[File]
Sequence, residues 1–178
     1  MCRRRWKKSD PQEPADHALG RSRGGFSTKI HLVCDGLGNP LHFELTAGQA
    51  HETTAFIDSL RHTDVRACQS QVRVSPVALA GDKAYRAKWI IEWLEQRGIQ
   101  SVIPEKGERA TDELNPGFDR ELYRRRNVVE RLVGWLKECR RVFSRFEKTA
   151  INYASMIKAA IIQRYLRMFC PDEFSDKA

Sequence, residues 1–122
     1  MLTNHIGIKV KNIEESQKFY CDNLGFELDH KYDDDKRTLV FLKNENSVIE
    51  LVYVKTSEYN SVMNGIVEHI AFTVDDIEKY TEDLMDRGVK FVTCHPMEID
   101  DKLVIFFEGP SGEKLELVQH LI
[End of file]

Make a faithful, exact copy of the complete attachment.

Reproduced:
Sequence, residues 1–178
     1  MCRRRWKKSD PQEPADHALG RSRGGFSTKI HLVCDGLGNP LHFELTAGQA
    51  HETTAFIDSL RHTDVRACQS QVRVSPVALA GDKAYRAKWI IEWLEQRGIQ
   101  SVIPEKGERA TDELNPGFDR ELYRRRNVVE RLVGWLKECR RVFSRFEKTA
   151  INYASMIKAA IIQRYLRMFC PDEFSDKA

Sequence, residues 1–122
     1  MLTNHIGIKV KNIEESQKFY CDNLGFELDH KYDDDKRTLV FLKNENSVIE
    51  LVYVKTSEYN SVMNGIVEHI AFTVDDIEKY TEDLMDRGVK FVTCHPMEID
   101  DKLVIFFEGP SGEKLELVQH LI